Thursday, 5 March 2020

At Childhoods End.


Just finished Sophie Aldred's book and i have to say I think she did a fantastic, or should that be brilliant , job of bringing two very different eras of Doctor Who, especially in terms of being a novel, a book, rather than an audio adventure or a television series. As it was in this medium that kept the show alive during its "wilderness" years. Certainly the spirit of the show, its drive to reinvent itself, exploring pastures new but remaining true, all the while, to its beloved roots. that is a hell of a lot of continuity to juggle and yet sophie Aldred pulls it all off with a lightness of touch that allows readers unfamiliar with it all to enjoy the read with the information supplied. you do not have to be a Big Finish collector or a full on Who expert to jump into this big adventure unfettered by a slavish devotion to an ever changing ever evolving narrative.
              At Childhood's end tells a huge story, bridging time and space, how could Dorothy's story do any less? Ace's journey from a mad eyed, and frequently annoying, teen side kick, to a mature real world heroine was a long and winding road that she was lucky to survive. Her yellow brick road through the canyons of time did not lead to an emerald city but not so very far from the Gherkin...so to speak. In the end, which is no where in sight, her life has been a series of stops and goes, hard endings and new beginnings.This is the doctor's companion with the longest and most complicated histories, ranging across all mediums The Doctor has existed in. Television, books and comic strips, audio adventures on tape and Dd and now onto Bluray. always running, dodging death at every turn, leaping over cancellation and onto the launch of a medium into which some of The Doctor's greatest tales were told: Big Finish. riding the coat tails of the greatest fictional character of them all. Which is not to diminish her own character arc in any way, her own fictional life being more than the shadowplay thrown by the brightest star.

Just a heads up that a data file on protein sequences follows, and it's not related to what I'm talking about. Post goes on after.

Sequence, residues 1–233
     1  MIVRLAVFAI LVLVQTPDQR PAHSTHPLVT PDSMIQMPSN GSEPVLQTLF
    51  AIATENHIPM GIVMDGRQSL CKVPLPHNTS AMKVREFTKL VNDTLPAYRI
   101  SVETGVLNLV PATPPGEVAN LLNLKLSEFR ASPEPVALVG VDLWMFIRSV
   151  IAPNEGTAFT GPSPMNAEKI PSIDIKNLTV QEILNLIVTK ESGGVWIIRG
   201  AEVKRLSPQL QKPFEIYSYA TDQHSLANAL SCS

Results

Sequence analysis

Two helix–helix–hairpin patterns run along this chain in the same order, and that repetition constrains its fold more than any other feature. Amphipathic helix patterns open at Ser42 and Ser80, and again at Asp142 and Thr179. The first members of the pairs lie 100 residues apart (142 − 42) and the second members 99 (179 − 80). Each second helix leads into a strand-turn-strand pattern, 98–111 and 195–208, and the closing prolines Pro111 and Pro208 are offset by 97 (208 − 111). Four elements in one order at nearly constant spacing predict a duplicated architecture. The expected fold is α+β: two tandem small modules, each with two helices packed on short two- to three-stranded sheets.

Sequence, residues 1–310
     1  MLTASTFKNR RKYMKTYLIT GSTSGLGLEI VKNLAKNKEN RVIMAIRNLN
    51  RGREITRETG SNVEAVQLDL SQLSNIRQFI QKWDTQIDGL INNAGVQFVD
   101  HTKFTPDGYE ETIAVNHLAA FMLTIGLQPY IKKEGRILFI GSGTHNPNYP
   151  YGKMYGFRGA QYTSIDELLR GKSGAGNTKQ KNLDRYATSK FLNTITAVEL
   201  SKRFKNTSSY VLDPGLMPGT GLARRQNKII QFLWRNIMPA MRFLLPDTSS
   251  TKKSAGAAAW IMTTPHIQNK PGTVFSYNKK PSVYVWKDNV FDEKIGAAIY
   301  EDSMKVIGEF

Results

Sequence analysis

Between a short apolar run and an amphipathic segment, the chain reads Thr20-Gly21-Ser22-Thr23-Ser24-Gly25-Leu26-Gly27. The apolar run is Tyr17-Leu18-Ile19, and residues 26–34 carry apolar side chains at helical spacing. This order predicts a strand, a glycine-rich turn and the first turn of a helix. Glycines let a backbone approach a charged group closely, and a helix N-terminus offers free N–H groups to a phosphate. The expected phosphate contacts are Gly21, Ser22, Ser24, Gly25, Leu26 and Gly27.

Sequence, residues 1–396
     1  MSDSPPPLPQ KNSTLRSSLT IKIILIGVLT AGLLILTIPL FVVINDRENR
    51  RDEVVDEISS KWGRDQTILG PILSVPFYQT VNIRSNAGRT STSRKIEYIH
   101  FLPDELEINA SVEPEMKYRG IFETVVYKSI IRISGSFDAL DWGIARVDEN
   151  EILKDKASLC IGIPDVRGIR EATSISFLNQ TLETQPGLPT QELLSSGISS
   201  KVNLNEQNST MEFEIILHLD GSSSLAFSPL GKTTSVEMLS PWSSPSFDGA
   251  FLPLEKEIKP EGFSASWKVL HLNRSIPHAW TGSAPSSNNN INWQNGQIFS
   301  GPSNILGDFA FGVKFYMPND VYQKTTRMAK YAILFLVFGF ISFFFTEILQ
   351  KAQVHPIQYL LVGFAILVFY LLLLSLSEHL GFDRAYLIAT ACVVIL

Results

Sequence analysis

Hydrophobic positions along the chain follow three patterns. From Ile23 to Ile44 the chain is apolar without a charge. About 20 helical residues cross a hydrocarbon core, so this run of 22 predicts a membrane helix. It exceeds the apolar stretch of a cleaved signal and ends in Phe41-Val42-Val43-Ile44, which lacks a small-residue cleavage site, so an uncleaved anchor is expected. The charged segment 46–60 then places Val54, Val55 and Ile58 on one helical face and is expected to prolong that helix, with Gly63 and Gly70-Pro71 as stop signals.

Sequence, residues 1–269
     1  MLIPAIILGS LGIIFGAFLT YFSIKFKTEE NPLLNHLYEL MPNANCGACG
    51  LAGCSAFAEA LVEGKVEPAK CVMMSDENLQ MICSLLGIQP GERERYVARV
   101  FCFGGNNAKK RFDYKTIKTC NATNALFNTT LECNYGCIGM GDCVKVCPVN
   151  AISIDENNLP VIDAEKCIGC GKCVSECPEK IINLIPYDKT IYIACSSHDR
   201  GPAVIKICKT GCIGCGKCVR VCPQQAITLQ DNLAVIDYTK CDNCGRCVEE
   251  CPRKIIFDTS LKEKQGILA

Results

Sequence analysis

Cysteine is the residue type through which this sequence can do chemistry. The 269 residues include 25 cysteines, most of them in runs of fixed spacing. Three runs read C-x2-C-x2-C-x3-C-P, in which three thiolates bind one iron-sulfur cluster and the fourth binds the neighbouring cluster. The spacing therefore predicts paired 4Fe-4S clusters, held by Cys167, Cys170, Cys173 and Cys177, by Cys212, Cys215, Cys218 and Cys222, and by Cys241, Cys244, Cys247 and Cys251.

At Childhood's end shows a great understanding of the character and history of Ace and the unsettling nature of the Seventh's Doctors Machievellen relationship with her. He was a master, a grand master, so to speak, of fifth dimensional chess and tended to treat everyone as a pawn in a very dangerous and seemingly never ending game. Especially those he cared for. As if this was the price he paid for having the temerity to have "friends." That little umbrella twirling trickster could be cruel.. Ace took as much of it as she could before being pushed too far, amidst a heap of centaur corpses. Not being a creature of infinite regeneration there was only so much she could take. She ran far away and started a new life for herself. One in which she could assert some control of her own life. But the past has a way of catching up with her and the past and present eventually collide with a boom,
            Like Nitro-9.
            Hats off to Sophie Aldred, for although the bulk of the story is set up and seen through the prism of Ace she does not neglect the other characters in her story. Even injecting the character of present telly incarnation Yaz with some much needed character development. Yaz finds herself in much the same  place as Rose did with Sarah-Jane in School Renion as old companion meets new. Micky Smith would have a right laugh at this pairs expense. Ryan still carries on as though he were in an episode of Hollyoaks that happens to have aliens in it. The Ratts are very Ogron like, foot soldiers for a more maelevolent intelligence.
            Oh Sarah-Jane, felt such a twinge of missing an old friend as I typed that...
            This book is a very enjoyable read, full of subtle classic Doctor Who references. I particularly liked the location of Deavesham Village, the epitome of quaint English villages that hide extraterrestrial secrets. Arthur Dent might have lived here, John Steed might have had a cottage there, Bernard Quatermass could have retired there. None of them did, of course. but allow me that. Yet the book is self contained enough to function in its own right. A fast, engaging read by an actress who has added another arrow to her quiver..                 One that belongs to Sophie Aldred and not Lady Peinforte...ahem.

Wednesday, 19 February 2020

Archie And The B52s.


Oh Happy day, heres a wee treat to chase away the Storm Dennis Blues. This comic was released this week and can be found in stores of quality and distinction the world over. The lovely Archie and company meet the even lovelier B52s. Just look at this cheeky cover, a cool reprise of the first album cover.
            Go on, Cheer yourself up and treat yourself. You are going to encounter some bright new friends, reconnect with some older ones you may not have seen for a while and have a few laughs along the way.
            Not a blast of nostalgia but a trove of new fun memories.